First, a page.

A Homemade Kitchen: Whole Grain Tortillas
A Homemade Kitchen series includes recipes that feature homemade versions of your favorite store-bought meals, snacks, treats, condiments and more. Homemade is better for your budget, body, and taste buds.
Store-bought, packaged tortillas are a sad fare. They’re flavorless, practically textureless, and often times don’t add anything to the dish unless they’re fried. Once you’ve had homemade tortillas, it’s hard to go back to the bland store-bought variety. Homemade tortillas actually taste like something on your tongue. They have a remarkable texture which makes you want to get down on your knees and thank our ancestors who first invented flatbreads.
You might also want to thank our ancestors who first utilized spelt as a flour. Although tortillas have been traditionally made with maize, spelt makes these tortillas a health food. Spelt flour is easier to digest than wheat and is a fabulous source of fiber, protein, vitamin B12 and also of manganese, niacin, thiamin, and copper. Spelt actually has four times the fiber of whole wheat flour. It also has a lovely mild, sweet, nutty flavor and can be used in place of wheat flour in many recipes. It can be found at natural food and health food stores such as Whole Foods or wherever you buy your grains in bulk.
Have I sold you on spelt yet? Now, before you think you can’t make this recipe, think again. It can be made with white whole wheat flour which might be easier to find. But if you can find spelt, I highly recommend trying it out! Your body will thank you.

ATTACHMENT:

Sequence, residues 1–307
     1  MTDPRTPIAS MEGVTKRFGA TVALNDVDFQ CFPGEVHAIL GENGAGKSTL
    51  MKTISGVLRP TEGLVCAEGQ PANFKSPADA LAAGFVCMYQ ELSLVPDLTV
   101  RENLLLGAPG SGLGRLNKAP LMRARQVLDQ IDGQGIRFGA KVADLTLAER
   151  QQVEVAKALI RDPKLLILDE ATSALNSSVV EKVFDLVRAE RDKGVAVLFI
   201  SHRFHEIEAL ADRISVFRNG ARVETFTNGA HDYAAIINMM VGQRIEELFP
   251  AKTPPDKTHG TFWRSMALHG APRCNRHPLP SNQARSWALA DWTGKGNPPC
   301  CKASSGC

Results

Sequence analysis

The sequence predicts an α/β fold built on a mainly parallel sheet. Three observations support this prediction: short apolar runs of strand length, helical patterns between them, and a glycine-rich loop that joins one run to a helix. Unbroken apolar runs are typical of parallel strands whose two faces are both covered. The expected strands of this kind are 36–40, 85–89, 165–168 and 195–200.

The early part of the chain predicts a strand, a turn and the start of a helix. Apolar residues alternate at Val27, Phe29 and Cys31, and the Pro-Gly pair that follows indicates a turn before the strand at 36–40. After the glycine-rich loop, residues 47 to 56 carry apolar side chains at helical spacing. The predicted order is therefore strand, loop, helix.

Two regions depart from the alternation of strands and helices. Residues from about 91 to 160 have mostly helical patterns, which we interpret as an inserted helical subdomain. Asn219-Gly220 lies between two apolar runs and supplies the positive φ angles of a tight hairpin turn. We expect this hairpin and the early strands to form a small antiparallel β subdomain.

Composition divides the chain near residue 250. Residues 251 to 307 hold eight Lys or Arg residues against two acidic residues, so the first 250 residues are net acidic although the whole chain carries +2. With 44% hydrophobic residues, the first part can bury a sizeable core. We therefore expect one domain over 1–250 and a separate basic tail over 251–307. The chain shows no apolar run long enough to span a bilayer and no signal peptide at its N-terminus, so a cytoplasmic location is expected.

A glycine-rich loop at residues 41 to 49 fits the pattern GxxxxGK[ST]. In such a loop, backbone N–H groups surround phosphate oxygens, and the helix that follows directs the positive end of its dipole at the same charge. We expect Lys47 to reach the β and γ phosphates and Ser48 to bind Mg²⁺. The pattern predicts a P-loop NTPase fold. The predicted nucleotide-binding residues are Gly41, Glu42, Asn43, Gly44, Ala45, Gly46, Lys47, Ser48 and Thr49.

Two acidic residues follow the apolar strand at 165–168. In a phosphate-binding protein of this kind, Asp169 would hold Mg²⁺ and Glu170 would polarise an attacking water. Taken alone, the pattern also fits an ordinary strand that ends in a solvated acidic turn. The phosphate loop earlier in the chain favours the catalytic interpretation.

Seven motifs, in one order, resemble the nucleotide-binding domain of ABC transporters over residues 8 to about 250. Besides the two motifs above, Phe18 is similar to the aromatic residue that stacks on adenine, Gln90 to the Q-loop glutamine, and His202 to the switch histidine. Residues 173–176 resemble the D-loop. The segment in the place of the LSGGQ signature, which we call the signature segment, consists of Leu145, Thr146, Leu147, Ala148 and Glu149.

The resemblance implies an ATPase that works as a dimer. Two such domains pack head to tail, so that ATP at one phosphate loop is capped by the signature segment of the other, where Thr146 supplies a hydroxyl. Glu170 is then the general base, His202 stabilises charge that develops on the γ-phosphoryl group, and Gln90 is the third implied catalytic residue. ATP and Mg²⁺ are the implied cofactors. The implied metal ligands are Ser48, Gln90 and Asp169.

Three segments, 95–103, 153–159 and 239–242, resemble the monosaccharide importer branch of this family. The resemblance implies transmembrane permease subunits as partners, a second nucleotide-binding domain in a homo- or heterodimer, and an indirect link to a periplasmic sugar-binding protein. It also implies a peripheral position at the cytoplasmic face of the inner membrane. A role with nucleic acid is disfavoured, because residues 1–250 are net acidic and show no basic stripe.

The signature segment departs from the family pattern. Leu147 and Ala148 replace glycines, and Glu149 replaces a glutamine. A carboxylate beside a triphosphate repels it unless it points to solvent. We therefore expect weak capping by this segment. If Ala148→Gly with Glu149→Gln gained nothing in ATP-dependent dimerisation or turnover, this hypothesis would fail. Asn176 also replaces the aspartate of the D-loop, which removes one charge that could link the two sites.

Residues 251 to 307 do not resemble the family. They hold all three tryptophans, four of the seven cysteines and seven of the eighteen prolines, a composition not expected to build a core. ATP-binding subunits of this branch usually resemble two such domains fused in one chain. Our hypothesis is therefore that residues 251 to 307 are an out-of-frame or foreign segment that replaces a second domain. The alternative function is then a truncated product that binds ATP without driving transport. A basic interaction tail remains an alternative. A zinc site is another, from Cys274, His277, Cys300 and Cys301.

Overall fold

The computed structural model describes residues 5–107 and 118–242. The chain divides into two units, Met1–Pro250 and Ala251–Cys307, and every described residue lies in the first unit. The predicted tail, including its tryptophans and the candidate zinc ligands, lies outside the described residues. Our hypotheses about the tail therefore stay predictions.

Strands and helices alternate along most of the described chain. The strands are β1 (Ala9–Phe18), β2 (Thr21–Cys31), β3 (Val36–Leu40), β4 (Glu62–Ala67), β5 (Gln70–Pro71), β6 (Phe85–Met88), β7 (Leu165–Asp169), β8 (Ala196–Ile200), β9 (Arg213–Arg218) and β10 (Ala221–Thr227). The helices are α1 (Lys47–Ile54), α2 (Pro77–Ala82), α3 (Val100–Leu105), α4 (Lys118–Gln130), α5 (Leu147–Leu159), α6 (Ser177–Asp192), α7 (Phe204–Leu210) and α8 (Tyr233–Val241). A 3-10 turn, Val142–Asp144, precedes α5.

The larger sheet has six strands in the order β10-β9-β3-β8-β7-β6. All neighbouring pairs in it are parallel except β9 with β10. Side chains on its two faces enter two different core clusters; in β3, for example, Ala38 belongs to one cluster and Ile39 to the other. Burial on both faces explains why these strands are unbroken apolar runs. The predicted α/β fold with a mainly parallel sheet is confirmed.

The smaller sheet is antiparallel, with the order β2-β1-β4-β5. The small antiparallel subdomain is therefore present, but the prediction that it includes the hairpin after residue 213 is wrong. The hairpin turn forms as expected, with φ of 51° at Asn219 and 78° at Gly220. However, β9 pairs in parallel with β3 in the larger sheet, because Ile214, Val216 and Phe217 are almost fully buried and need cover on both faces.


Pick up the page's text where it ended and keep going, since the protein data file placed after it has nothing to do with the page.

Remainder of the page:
Taste: Nutty, slightly sweet, and so much more flavorful than the white, store-bought kind.
Texture: Slightly thicker than the store-bought kind, chewy, soft.
Ease: This recipe is a bit more hands-on but none of the steps are difficult. It would be a fun recipe to make with children.
Appearance: Rustically beautiful.
Pros: Healthy, tastier than store-bought, can be refrigerated or frozen.
Cons: You really have to keep an eye on the tortilla as it baked and monitor the temperature if you have a finicky cooktop.
Would I make this again? Yes. I’ve got a batch in the freezer!
Whole Grain Tortillas
Makes 10-12 tortillas
From King Arthur Whole Grain Baking
- 2 cups (8 ounces) whole spelt flour or white whole wheat flour
- 1/2 teaspoon salt
- 3 tablespoons (1 1/4 ounces) vegetable oil
- 1/2 cup warm water is using spelt flour, 2/3 cup warm water if using whole wheat flour
Combine the flour and salt in a medium mixing bowl or food processor and mix together. Add the oil and mix into the flour thoroughly. Mix in the warm water (with the machine running, if using food processor). You’ll want a dough that’s soft, the spelt or whole grain flour will absorb liquid as it sits. Once the dough is mixed, let sit, covered, for 20 minutes.
Turn out the dough onto a lightly floured surface, knead it a couple of times, and pat into an even disk. Cut the dough into 10-12 pieces, and roll each piece into a ball. Cover the balls with plastic wrap or a dish towel and let them rest for 20 minutes. If you have a tortilla press, use it to flatten each ball. If you’re rolling the tortillas by hand, take one of the balls and flatten into a small disk. Using a floured rolling pin on a lightly floured work surface, roll the tortillas into a very thin, flat round about 6-8 inches in diameter.
Heat a heavy, ungreased griddle over medium-high heat. Toss a tortilla onto the griddle and let it heat on one side for about 1 minute, until it begins to brown in spots, then use tongs to lift and flip the tortilla to bake it on other side, about 1 minute. While the first tortilla is baking, roll the second one out. Transfer the baked tortilla to a plate and toss the next tortilla onto griddle. Repeat until all tortillas are rolled and baked. You may stack the tortillas and cover them with a towel to keep them soft and warm until you’re ready to use. You may also refrigerate tortillas for up to 1 week or freeze tortillas in an airtight container for up to 2 months.